Tuesday, January 18, 2011

The Logistics Of The Impossible

Bob Ramsey who has some interesting links on this page suggested I have a look at a book excerpt which explains why supply interdiction in the Drug War is an impossible task. Not just difficult. Not just expensive. Impossible. It is an excerpt from a book published in 1991:

Undoing Drugs: Beyond Legalization

So let me fill you in on some interesting facts from the text. Keep in mind that the dollars mentioned are 1991 dollars.

Much of the earth's surface is suitable for growing and processing psychoactive plants, the raw materials for drugs such as marijuana, cocaine, and heroin. Only a trivial fraction of this area is needed to produce the flood of drugs now coming into America. Even if we could wipe out all of today's sources of supply, a virtually inexhaustible set of alternative suppliers would remain. Many of the people who inhabit the primary producing areas, including South America and Asia, face starvation if they spurn the drug trade, and death at the hands of traffickers if they try to stop the trade. No credible threat or inducement will convince foreign growers and processors to give up their livelihood. Once produced, the drugs can enter America by any number of methods, across any of thousands of miles of open borders, and our efforts to stop smugglers serve chiefly to drive up the profits of those who succeed. Short of employing our entire armed services as a domestic drug militia, there is no feasible way to prevent drugs from entering the country. Even here in America, in locations ranging from national forests to bedroom "grow closets" and basement laboratories, psychoactives can be grown or concocted in quantities sufficient to satisfy the most demanding drug appetites. Thus, even if we somehow stopped the flood of foreign drugs, domestic producers stand ready, willing, and able to jump into the breach.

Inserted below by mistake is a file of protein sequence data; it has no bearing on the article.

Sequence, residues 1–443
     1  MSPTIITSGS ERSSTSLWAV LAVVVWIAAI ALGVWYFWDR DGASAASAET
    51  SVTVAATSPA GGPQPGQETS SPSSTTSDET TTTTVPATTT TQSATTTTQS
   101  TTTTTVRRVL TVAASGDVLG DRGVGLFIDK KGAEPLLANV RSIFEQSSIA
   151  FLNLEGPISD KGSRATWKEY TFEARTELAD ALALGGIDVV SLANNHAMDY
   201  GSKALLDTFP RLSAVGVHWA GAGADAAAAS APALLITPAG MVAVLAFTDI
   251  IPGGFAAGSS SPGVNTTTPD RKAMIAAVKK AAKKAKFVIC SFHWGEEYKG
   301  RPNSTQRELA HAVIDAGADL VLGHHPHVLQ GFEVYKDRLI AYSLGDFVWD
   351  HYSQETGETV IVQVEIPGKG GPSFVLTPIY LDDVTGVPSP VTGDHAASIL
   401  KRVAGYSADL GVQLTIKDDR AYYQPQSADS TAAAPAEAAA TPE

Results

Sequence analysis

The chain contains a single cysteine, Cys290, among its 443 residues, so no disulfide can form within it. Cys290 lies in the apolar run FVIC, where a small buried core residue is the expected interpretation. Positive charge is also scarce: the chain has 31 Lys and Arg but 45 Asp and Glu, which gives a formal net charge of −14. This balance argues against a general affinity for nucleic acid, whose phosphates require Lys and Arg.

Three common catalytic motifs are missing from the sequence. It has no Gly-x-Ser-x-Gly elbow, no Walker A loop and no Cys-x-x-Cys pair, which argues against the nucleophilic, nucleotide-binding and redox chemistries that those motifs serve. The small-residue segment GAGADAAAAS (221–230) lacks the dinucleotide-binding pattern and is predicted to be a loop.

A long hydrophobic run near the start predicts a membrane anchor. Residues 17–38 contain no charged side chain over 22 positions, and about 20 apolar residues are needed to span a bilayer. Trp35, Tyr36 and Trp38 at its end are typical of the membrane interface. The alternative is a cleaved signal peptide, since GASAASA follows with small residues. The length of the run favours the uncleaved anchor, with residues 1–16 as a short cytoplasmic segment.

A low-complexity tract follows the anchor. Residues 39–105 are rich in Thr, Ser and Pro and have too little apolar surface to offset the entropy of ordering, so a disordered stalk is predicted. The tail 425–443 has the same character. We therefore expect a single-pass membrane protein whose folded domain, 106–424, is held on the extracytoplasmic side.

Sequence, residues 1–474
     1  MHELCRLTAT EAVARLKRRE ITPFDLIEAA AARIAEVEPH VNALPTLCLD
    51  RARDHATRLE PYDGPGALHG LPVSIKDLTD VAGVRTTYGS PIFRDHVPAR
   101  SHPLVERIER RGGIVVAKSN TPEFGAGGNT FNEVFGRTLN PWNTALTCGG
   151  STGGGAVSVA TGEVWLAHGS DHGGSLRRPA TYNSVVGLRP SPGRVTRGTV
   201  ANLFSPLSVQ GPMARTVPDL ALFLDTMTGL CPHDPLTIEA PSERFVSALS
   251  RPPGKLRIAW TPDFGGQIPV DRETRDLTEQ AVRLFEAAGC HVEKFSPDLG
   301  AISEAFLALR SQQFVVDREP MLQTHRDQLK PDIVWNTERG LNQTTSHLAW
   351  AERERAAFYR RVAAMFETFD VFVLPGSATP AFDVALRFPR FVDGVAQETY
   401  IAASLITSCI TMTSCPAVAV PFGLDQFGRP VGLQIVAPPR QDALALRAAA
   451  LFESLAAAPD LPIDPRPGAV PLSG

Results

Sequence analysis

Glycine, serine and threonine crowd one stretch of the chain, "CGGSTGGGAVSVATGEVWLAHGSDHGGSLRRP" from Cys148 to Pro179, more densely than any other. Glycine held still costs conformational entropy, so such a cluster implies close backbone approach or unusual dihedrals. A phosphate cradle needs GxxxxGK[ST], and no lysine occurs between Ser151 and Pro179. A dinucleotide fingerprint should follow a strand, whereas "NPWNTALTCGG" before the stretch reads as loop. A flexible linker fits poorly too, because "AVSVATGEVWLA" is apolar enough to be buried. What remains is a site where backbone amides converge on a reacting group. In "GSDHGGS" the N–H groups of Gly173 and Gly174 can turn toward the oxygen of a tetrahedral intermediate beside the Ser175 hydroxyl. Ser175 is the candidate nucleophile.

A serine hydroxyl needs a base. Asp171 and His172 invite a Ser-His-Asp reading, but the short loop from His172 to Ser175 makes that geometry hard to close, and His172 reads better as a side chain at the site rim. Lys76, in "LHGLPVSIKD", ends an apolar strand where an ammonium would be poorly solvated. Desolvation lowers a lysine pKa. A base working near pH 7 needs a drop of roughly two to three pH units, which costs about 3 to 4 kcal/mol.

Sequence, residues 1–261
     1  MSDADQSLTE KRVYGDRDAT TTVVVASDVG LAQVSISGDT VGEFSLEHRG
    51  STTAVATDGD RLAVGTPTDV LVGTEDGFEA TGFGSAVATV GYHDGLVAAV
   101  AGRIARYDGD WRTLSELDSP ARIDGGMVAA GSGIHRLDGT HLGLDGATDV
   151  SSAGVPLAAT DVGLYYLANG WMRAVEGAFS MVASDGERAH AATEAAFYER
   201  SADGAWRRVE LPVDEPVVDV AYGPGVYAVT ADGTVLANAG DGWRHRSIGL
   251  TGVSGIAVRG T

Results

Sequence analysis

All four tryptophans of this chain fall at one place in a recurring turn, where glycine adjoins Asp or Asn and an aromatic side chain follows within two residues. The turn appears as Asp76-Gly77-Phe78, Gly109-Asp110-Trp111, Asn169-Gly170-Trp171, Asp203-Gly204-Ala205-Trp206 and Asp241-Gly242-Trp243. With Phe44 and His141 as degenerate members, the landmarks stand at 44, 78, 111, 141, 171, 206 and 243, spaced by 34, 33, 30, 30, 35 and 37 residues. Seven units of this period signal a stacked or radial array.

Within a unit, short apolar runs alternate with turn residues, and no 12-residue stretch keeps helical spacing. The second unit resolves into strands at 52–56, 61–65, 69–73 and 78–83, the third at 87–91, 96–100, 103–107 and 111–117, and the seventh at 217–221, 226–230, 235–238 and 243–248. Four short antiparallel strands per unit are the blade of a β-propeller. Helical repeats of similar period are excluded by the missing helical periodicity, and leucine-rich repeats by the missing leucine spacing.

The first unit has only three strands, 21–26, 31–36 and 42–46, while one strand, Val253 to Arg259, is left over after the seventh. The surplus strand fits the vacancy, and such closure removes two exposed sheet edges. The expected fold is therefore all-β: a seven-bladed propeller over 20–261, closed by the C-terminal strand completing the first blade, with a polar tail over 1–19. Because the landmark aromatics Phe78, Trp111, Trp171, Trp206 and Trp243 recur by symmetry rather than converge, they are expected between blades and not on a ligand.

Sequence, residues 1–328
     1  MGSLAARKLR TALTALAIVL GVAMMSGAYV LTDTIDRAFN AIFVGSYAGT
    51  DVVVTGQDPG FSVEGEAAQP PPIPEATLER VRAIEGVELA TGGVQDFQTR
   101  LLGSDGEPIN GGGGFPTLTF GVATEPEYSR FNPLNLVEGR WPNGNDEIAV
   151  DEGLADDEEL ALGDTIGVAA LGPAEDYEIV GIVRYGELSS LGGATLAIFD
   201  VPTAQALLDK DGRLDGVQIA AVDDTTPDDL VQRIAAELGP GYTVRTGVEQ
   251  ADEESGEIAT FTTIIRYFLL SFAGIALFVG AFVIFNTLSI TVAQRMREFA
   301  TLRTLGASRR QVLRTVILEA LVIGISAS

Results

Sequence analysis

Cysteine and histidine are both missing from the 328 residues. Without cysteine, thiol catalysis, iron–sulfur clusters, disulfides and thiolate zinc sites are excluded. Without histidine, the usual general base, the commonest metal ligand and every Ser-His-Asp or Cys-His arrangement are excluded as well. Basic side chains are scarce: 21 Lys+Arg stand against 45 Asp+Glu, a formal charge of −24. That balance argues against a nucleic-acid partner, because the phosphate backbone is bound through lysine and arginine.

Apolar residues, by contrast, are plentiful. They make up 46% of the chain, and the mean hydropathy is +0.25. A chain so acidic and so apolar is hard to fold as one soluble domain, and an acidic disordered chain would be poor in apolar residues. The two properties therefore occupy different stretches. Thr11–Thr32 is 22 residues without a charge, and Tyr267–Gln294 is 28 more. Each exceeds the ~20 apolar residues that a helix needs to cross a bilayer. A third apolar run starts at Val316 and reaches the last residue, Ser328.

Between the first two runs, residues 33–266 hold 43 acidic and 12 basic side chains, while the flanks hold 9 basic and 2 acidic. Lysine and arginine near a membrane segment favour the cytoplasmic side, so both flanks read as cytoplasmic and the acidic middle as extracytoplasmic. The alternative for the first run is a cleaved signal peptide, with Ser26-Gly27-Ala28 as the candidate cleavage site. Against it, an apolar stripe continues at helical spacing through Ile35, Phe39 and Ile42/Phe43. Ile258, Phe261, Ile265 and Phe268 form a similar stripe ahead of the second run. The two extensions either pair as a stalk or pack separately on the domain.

The bottom line is short and simple. In attempting to eliminate the world supply of drugs, the federal government has been building sand castles against the incoming tide. Despite occasional fleeting satisfactions, in the long run there is no realistic chance of success. If we are to undo drugs, we shall have to look elsewhere.
Expensive sand castles. And they get taxpayers to pay for the privilege. Doesn't it just give you the warm fuzzies to know you get to pay through the nose (heh) for someone else's hobby?

Well you don't really know anything if you haven't got the numbahs. So how about some facts and figures about agriculture.
The marijuana plant (Cannabis sativa) is one of nature's ultimate survivors. Quite literally, it grows like a weed, flourishing in the wild on every continent except Antarctica. Left untended, the plant reaches a height of up to fifteen feet within a few months, at which point its crop of leaves and buds is worth $500. Pruned, watered, and fertilized regularly, a single pampered plant can fetch $2,500, Marijuana will grow high on mountainsides, on open plains, and in dense forests. It thrives in pots hung from and hidden among the branches of trees, or can be trained to grow close to the ground in the midst of other, legal crops. Moreover, with less than $100 worth of equipment, an individual can produce a thriving crop year after year in his or her own closet or basement.

Roughly 75 percent of the marijuana consumed by Americans is imported, chiefly from Central and South America, although domestic production is expanding rapidly [3] The leading producer states are California, Oregon, Kentucky, and Hawaii, but the legal authorities have confiscated plants from Alaska to Florida, and from Maine to Arizona. Cannabis is a plant for all seasons and every locale.

Despite the diversity of conditions under which the principal psychoactive crops will grow, remarkably little arable land is presently devoted to their cultivation. The U.S. Department of Agriculture has estimated that more than 2.5 million square miles in South America alone are suitable for growing coca, yet less than 1,000 square miles (less than 0.04 percent) is currently used for that purpose. [4] Elsewhere in the world, the combined land area suitable for coca exceeds the amount available in South America, and yet almost none of it is now under commercial coca cultivation. If coca eradication attempts had any appreciable success in causing supply disruptions, vast tracts of land could rapidly be cultivated as a source of supply.